How to Sort Scrap Metal

Scrap metal is generated by the disposal of items that are no longer serviceable or wanted and by manufacturing processes that leave excess metal during the fabrication of the desired metal part. Scrap metal is not biodegradable, and is therefore well suited to recycling.

Separate the metals for much better prices for the higher value scrap metals. The scrap can be sold to metal recycling operations, since they can be melted down by foundries and used to fabricate new parts. Use these tips to learn how to sort scrap metal.


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    Take out car batteries. They will be accepted by scrap recycling companies as whole assemblies.
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    Pick out car catalytic converters. They will be accepted by scrap recycling companies as whole assemblies.
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    Separate ferrous from non ferrous metals. Iron, steel and other ferrous metals are magnetic. If they are small enough and the magnet is large enough, they can be lifted out with a magnet. Larger ferrous pieces are identified by noting that a magnet will stick to these pieces. All ferrous metals will be accepted as 1 type of item by scrap recycling companies.
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    Find non-magnetic, stainless steel. Stainless steel -- alloyed (mixed) in smelting with chromium -- has a dull shine and is heavier than chrome-/or nickel-plated steel. It may be slightly magnetic in some alloys. Note: If "stainless steel" has magnetic attraction, it must be added to the iron pieces, rather than among the stainless steel pieces.
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    Sort out copper pieces. Copper is lightweight and reddish in color. Copper may become greenish over time due to corrosion. Copper comes in 3 grades.
    • Gather all electrical wiring. This wiring is considered light copper. Strip, using wire strippers (burning-off insulation is illegal, see "Warnings" section). Discard the stripped insulation. Some metal recyclers accept wire with the insulation on, including Christmas lights, at a much lower price.
    • Segregate copper tubing (considered medium copper). Remove any brass fittings from the tubing. Scrap recycling companies likely will offer only the lower price of brass if the copper tubing still has brass fittings attached, because of labor of handling and removing the brass (in buildings, air conditioner piping may be copper).
    • Put aside copper tanks, such as special, water heater tanks. These tanks are considered heavy copper. Remove any attached insulation, covers and fittings from the tank (ordinary water heater tanks are zinc galvanized and "glass/ceramic lined").
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    Separate out aluminum. Aluminum is a lightweight metal with a dull silver color. Soda cans and lightweight lawn furniture are considered light aluminum. Remove all plastic fittings from pieces of lawn furniture. All other aluminum is considered heavy aluminum. Aluminum can be further sorted into "clean" and "coated" as some recyclers pay more for aluminum which is not painted or otherwise pre-finished.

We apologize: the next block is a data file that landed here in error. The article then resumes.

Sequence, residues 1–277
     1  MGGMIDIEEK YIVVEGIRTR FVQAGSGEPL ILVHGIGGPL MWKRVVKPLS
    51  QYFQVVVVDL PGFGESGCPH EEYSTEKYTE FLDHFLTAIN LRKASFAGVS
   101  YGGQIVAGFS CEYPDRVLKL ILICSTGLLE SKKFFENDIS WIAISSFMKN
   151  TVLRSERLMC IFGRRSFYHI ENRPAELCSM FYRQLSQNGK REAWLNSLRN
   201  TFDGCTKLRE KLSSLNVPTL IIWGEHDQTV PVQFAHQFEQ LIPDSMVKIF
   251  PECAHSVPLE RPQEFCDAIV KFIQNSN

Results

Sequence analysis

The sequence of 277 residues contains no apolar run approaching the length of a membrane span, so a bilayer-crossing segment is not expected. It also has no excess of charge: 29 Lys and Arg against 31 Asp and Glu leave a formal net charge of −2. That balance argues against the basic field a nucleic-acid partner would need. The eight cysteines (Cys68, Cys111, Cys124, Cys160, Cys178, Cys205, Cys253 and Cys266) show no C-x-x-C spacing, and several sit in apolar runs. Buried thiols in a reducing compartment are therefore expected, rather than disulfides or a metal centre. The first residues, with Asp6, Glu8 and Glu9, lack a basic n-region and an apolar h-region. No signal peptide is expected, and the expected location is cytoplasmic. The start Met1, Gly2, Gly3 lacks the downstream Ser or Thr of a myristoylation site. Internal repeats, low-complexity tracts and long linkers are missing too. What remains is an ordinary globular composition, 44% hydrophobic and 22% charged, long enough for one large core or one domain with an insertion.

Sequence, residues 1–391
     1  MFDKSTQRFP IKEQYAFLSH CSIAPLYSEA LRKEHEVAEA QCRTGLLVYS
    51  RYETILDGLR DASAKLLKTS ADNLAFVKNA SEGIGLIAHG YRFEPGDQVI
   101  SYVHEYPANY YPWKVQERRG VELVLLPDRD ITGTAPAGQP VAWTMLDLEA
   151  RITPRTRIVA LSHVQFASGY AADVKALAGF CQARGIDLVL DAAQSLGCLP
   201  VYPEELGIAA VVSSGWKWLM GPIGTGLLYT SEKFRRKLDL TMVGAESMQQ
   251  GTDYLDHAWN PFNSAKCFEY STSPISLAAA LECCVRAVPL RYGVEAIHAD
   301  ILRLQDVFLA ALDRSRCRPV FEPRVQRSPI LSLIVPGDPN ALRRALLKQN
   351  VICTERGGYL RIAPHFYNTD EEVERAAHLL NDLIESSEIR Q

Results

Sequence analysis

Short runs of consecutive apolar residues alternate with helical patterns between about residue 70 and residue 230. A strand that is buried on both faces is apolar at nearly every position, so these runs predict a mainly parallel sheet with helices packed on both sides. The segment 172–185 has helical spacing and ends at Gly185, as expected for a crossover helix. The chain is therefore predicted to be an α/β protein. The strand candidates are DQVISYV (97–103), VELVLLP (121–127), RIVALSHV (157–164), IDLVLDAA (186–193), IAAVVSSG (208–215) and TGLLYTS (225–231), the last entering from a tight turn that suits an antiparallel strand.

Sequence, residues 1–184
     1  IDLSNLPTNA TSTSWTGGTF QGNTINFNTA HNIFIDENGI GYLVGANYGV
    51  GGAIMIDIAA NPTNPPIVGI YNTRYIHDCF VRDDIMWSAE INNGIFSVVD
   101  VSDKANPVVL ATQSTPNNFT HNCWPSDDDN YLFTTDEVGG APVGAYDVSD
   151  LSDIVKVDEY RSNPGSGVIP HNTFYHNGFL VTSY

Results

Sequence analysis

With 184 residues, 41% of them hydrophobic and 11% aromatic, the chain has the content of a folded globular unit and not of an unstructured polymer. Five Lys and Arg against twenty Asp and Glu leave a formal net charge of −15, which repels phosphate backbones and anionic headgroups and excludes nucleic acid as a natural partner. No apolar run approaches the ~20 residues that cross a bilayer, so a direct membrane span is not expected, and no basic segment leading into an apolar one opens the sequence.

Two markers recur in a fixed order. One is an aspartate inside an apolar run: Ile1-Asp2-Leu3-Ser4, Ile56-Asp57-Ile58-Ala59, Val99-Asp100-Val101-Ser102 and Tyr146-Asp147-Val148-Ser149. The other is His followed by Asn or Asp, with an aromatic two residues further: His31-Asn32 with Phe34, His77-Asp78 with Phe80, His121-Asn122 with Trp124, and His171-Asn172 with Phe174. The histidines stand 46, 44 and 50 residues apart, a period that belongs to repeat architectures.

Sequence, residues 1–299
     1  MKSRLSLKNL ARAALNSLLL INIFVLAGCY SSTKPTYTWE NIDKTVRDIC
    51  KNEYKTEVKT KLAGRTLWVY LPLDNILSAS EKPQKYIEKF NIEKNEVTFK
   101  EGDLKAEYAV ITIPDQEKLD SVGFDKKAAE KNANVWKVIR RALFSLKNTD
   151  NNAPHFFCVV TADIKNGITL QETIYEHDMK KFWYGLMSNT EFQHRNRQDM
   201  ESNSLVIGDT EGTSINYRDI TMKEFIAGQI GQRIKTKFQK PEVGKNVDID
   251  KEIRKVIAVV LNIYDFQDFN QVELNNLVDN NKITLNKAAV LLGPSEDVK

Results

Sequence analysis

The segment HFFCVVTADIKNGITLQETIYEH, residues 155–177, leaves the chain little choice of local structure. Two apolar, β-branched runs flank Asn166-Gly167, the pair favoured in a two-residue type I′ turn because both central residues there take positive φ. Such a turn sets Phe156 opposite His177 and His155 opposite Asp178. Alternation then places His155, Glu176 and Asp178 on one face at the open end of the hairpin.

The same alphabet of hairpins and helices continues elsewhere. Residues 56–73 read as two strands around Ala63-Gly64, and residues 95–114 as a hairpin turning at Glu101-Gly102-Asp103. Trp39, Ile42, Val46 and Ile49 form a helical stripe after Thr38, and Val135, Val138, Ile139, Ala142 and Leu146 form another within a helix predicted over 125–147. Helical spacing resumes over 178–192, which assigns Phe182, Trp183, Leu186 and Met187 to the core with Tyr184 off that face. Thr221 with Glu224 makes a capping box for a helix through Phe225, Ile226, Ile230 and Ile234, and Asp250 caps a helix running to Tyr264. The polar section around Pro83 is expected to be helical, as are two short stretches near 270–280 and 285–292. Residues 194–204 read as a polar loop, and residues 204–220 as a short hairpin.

• Remove aluminum, automobile parts such as engine overhead-cam-/and valve-covers, intake manifold and thermostat housing (some bright trim may be aluminum).
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    Sort out lead. Lead is soft and heavy, and has a dull gray color. Lead is often used for piping, scuba diving weights and fishing plumbs.
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    Separate out brass. Brass is yellow. It is often used for bathroom fixtures, door knobs and as trim hardware.
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    Pick out bronze. Bronze is reddish yellow. Bronze is often used for hose fittings and couplings. Remove any hose from the bronze coupling.
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    Electric motor parts can be recycled. The field windings (parts with copper wire wound around) should be separated out from the iron and steel for the best price (armatures are very difficult to separate and might be cut/chiseled out).


  • Air conditioner (A/C) unit scrapping may be controlled by state laws, such as proof of ownership (unless, perhaps, you have only one unit in a load), and for reclaiming freon in sealed refrigeration systems (to be evacuated and captured by certified technicians).
    • Remove some aluminum or stainless A/C parts called "reefers", meaning refrigeration condenser and/or evaporator, if convenient and legally qualified to do so.
  • Car batteries contain caustic acid. Car batteries must be handled carefully if there are signs of leakage.
  • Magnesium, although rare, is used in flares and can be visually mistaken for aluminum. Magnesium is brittle and will snap if sharply bent. Magnesium is easily ignited, and the resulting hot flame cannot be extinguished with water.
  • Burning insulation off of copper wire is a biological hazard. If caught burning copper wire, a hefty fine and penalties will be imposed.

Things You'll Need

  • Magnet
  • Wire strippers

Article Info

Categories: Metalwork and Wire Projects